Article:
Seven future uses for Microsoft's HoloLens that will make someone disgustingly rich

At long last, a technology that lets us cover our homes in virtual black light posters


Since Microsoft announced HoloLens, I’ve been fantasizing about how it could inspire new business, improve old businesses, and generally make our lives better. Because I have neither the means nor the business acumen to make these fantasies into realities, I present them to you, brilliant readers, who can do with them what you will. Just remember me, when you’re rolling in your swimming pool full of augmented reality gold.

Pardon me, need to add another item to this list: "A simulator that turns your bathroom into the intro credits for DuckTales." What am I doing writing these moneymakers on a public website?

A Disneyland filled with actual Disney characters

Microsoft wisely positioned the HoloLens, in its first public appearance, inside the living room. Plenty of people won’t be in a rush to strap a computer on their face, but if given enough reason, the general public might be convinced to try HoloLens, Oculus, and the like in the humility-free comfort of their own home.

Google Glass made the mistake of being something you sported outside the safety of your own home and was quickly stigmatized as a "fashion accessory" worn by the most privileged, self-righteous assholes who may or may not be taking your photograph without permission.

Hololens has been promoted as a living room device

At Disney World, the lines between human and tech, real and fiction, corporate and authentic are as messy as a Mickey Mouse ice cream bar on an August afternoon. Perhaps because I subconsciously want to catalyze the rise of the corpo-nations, I perversely want to see how far the company could go with HoloLens tech. I’m not particularly thrilled about the idea of a future in which a computer is perpetually distorting my view of reality. Or talking with people who all have the same trendy gadget strapped to their forehead. That said, I wonder if there is a place for augmented reality in closed, safe spaces where reality is already thoroughly surreal.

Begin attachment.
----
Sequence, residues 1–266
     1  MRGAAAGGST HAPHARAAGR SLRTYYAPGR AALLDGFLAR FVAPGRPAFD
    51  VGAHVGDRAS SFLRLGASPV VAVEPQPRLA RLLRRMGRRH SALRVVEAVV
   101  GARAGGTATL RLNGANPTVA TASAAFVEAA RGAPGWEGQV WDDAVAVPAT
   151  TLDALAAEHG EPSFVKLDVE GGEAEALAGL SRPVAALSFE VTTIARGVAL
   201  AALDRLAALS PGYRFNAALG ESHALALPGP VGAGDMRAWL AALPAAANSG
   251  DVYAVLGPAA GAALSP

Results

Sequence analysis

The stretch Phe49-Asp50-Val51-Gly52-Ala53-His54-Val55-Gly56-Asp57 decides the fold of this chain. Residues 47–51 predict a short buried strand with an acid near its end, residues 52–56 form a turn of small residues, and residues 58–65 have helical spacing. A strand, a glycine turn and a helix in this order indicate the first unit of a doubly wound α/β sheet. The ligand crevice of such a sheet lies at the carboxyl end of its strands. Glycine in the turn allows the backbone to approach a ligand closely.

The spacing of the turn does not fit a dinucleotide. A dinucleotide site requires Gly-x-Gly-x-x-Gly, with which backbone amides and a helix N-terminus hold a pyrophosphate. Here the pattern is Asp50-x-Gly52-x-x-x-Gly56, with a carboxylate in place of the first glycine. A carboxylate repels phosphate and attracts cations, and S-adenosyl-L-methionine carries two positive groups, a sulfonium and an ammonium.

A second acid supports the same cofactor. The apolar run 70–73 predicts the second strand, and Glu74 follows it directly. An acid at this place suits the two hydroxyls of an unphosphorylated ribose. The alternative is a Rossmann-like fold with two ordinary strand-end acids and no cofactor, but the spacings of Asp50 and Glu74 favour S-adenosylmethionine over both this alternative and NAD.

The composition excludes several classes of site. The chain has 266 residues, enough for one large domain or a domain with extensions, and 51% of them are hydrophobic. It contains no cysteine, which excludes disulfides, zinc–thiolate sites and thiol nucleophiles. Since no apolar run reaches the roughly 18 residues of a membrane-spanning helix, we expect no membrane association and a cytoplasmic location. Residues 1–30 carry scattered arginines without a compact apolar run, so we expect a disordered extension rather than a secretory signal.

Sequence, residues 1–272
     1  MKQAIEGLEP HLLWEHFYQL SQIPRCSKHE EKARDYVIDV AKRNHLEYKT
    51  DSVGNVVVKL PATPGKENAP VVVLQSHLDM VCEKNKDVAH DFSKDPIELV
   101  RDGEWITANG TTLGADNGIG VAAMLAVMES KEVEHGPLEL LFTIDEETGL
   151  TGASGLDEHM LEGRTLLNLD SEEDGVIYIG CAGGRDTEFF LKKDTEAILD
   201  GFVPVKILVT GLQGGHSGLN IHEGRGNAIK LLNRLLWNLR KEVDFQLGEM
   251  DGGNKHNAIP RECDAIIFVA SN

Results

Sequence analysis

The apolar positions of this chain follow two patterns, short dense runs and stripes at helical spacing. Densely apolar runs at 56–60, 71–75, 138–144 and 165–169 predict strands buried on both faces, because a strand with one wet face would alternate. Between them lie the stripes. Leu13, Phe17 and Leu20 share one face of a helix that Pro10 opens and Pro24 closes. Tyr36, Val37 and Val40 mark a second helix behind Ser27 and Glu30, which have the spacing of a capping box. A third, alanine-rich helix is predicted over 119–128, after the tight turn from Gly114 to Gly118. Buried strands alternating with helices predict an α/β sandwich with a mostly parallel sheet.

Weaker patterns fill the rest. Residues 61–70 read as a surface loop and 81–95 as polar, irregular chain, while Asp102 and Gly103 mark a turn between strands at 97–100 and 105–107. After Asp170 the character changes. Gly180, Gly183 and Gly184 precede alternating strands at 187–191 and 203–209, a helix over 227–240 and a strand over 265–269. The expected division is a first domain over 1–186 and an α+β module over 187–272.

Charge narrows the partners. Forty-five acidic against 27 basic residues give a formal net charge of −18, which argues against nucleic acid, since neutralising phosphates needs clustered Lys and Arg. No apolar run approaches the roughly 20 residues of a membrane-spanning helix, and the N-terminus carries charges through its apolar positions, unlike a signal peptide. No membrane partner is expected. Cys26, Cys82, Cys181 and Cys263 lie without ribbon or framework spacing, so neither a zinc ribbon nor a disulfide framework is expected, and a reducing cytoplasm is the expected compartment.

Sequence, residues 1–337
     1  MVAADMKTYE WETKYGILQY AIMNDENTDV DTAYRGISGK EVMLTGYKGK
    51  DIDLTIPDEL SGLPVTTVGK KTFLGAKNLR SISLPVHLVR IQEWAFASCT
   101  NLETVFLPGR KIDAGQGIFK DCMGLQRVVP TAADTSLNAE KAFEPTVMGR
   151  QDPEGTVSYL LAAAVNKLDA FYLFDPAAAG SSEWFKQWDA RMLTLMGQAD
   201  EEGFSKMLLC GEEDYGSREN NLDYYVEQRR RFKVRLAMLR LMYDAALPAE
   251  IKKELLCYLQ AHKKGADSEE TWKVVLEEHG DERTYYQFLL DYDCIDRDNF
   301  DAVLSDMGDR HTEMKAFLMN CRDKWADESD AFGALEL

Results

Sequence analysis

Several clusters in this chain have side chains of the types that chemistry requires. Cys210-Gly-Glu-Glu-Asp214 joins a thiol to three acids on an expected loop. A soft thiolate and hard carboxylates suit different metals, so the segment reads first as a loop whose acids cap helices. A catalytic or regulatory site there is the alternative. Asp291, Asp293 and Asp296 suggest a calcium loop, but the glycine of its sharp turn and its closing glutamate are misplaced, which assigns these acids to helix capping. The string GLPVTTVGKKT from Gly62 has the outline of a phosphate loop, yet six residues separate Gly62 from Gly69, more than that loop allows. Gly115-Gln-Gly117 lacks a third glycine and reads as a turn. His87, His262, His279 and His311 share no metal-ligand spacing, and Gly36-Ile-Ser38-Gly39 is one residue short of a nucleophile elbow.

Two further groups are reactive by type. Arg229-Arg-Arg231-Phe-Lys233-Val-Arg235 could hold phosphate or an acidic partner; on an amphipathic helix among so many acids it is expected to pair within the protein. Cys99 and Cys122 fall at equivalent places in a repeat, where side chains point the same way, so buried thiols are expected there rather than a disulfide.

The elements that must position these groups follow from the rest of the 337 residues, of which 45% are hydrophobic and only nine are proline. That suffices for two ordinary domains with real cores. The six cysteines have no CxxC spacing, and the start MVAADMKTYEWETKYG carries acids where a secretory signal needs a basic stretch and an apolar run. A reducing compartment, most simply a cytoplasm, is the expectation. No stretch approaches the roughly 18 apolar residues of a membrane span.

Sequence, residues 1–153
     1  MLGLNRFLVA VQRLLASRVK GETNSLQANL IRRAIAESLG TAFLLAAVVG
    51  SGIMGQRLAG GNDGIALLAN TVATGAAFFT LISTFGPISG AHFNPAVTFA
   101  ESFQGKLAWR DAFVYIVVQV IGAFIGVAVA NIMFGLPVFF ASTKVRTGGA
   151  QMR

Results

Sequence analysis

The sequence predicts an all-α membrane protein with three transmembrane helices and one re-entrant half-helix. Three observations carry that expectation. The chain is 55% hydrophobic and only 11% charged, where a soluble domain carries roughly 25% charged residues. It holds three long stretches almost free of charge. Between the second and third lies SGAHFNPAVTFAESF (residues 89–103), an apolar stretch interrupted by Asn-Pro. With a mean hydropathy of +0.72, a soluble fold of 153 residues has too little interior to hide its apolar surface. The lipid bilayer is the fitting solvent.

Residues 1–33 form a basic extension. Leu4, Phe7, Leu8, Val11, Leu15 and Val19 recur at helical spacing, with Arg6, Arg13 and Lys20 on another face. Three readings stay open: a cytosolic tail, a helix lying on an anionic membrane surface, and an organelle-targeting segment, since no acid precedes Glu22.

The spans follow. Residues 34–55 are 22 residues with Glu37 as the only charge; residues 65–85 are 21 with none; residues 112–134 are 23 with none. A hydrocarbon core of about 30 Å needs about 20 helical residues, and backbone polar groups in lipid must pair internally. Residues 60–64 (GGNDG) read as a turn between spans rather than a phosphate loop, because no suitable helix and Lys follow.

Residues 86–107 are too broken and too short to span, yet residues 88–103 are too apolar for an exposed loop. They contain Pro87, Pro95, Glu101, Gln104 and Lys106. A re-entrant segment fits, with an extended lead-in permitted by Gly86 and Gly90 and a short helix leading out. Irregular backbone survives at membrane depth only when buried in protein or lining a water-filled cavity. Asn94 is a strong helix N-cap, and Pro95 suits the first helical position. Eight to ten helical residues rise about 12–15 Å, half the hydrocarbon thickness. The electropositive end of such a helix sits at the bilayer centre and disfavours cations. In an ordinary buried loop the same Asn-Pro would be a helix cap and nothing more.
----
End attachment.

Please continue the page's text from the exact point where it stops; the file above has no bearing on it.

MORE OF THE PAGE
Yeah, yeah, theme parks still need humans in costumes for children to hug, but some tough-to-anthropomorphize characters like Nemo, Eeyore, and Stitch could be added into the world. Ghosts could ride alongside you in Haunted Mansion for the entire ride, not just the end. Speaking of ghosts, augmented parades could run endlessly and safely, like marching ghosts passing through the crowds. Waypoint arrows, like those in open-world video games, could direct foot traffic, minimizing long waits.

You’d have to wear crazy headwear in public, but if you’re at Disneyland, odds are you’ve already made that fashion sacrifice.

Physics-defying fashion

Physics is keeping fashion down — what is wrong with me, I swear that’s the last physics joke I try to make in this article. Anyway, yes, earthly materials are limited by gravity, and fashion designers are keenly aware of said limitations. Clothing design is like architecture in that various components must be combined in a way that is beautiful and functional and always maintains its structure. Clothing also sustains the beating of its wearer.

With augmented reality, impossible fashion, which doesn’t require connections between materials, can float, flutter, and flatter people. This isn’t an end for traditional clothes, but another former of supplementing an outfit with accessories that in this case aren’t actually there.

The floor is lava

Do you remember pretending the floor was lava? Recall adding adventure and dexterity to childhood chores? Well what if I told you HoloLens could make the floor lava forever?

Oh, you'd think twice about getting up to get the remote. And cleaning would become quite difficult. In fact, playing the floor is lava all day, every day would make life impractical. Or at least that's what someone who sucks at the floor is lava would say.